Medicinal Marijuana and Custody
In April of 2016, Pennsylvania became the latest state to enact legislation allowing physicians to prescribe medicinal marijuana to patients suffering from a list of qualifying conditions. Two years later, Pennsylvania dispensaries opened their doors. While many localities have eased restrictions when it comes to MJ, “recreational” use remains prohibited under state (and federal) law. Provided however that they are under the guidance of a prescribing physician, PA residents have the green light to purchase and consume cannabis.
In the years since, a question has emerged in Pennsylvania Family Courts: Should the use of prescribed marijuana impact the rights of a parent involved in a custody dispute? The answer, as is often the case in law, is that “it depends.”
In determining Custody, Pennsylvania Courts utilize a list of sixteen statutory factors, as well as “any other relevant information,” that generally go towards the best interests of a minor child or children. These factors include proximity of parties’ residences, efforts to promote or prevent a relationship between the child and the other parent, the need for stability and continuity, and, among others, drug or alcohol abuse.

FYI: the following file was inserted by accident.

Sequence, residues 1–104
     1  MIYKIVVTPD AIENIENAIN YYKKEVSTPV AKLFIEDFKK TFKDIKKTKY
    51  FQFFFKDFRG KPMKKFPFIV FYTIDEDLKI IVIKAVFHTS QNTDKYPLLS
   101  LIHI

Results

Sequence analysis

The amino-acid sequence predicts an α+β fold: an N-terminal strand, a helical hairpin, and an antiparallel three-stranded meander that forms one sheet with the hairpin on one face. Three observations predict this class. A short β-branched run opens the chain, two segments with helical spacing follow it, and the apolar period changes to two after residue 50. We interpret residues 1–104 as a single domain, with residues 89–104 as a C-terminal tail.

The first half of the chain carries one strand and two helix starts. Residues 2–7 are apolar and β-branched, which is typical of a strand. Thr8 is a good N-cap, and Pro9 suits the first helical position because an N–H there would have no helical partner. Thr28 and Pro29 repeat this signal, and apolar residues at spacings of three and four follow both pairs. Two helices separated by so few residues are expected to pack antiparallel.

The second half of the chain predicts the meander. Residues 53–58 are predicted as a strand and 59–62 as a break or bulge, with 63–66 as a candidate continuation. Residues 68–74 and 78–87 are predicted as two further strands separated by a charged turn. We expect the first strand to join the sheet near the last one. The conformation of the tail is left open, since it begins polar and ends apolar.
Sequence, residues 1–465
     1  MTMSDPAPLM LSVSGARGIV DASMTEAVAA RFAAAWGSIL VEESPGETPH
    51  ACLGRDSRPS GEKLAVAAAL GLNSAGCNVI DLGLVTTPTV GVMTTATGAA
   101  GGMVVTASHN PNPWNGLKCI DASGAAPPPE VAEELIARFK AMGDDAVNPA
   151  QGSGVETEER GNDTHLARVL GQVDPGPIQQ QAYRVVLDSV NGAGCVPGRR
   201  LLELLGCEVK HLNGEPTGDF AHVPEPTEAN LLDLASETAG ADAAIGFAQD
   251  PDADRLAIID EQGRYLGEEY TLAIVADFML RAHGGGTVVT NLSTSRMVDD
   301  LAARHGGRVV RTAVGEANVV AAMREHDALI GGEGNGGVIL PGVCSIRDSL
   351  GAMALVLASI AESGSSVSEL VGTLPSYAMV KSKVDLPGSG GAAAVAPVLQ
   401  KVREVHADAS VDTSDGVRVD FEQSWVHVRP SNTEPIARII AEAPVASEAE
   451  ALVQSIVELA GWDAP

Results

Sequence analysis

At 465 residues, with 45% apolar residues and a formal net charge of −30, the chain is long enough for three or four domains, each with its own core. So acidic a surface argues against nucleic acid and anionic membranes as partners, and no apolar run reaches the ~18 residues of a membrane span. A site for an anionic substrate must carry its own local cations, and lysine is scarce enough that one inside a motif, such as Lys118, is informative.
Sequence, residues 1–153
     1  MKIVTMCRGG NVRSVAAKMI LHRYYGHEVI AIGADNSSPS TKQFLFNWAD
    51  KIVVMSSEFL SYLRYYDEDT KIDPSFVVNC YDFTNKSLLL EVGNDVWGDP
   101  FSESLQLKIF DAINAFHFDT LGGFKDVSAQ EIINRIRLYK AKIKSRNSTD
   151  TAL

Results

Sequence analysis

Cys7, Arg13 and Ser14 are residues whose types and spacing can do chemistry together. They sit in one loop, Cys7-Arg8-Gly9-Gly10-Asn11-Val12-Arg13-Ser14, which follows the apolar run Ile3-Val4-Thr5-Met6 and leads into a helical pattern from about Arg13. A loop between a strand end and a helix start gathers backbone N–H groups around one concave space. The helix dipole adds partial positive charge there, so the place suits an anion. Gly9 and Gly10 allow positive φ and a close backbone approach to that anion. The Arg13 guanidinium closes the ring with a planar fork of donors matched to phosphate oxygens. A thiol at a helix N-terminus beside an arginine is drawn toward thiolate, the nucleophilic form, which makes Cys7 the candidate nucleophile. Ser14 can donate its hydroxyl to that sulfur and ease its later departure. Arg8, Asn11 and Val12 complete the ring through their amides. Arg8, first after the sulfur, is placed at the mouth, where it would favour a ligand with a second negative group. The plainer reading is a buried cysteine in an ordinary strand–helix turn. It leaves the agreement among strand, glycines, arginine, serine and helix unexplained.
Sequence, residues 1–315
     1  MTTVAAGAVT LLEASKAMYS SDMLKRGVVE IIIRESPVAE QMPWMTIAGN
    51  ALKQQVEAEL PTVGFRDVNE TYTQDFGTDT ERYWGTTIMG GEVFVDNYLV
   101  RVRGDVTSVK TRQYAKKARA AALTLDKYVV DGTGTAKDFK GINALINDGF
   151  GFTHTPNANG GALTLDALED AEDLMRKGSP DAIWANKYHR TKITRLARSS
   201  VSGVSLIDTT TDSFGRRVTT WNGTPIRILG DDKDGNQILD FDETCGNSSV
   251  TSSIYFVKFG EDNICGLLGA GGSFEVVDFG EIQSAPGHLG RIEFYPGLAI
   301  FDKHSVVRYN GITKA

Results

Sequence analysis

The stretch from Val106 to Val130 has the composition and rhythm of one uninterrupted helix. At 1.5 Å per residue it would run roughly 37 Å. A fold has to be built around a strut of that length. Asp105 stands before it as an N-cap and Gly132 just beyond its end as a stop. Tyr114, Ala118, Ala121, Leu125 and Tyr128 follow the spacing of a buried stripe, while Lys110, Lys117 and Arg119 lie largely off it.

Historically, marijuana use has fallen squarely within the scope of that last factor. Since medicinal marijuana has become available however, PA courts are hesitant to prejudice a parent for treating with a prescribed medicine. Still, prescribed or not, marijuana is an intoxicant that impairs a parent’s cognitive and motor functioning. The burgeoning challenge for PA Family Courts then is protecting a person’s right to treat with legally prescribed medicine while ensuring the health, safety, and overall best interest of children in that parent’s care.
The line is not as hazy, however, as it may sound. Hair follicle drug screens, a tool often used by the Courts, will show the exact levels of THC found in a sample. From there, a qualified expert can ascertain the extent and regularity to which a patient is using cannabis. To put it bluntly, a hair follicle test will be able to show whether a parent is “high all the time” in the words of 50 Cent, or, using within what is considered “prescribed therapeutic limits.” Where a patient’s levels are above that threshold, courts may impose restrictions, potentially including less custodial time, in the interest of ensuring the child’s safety.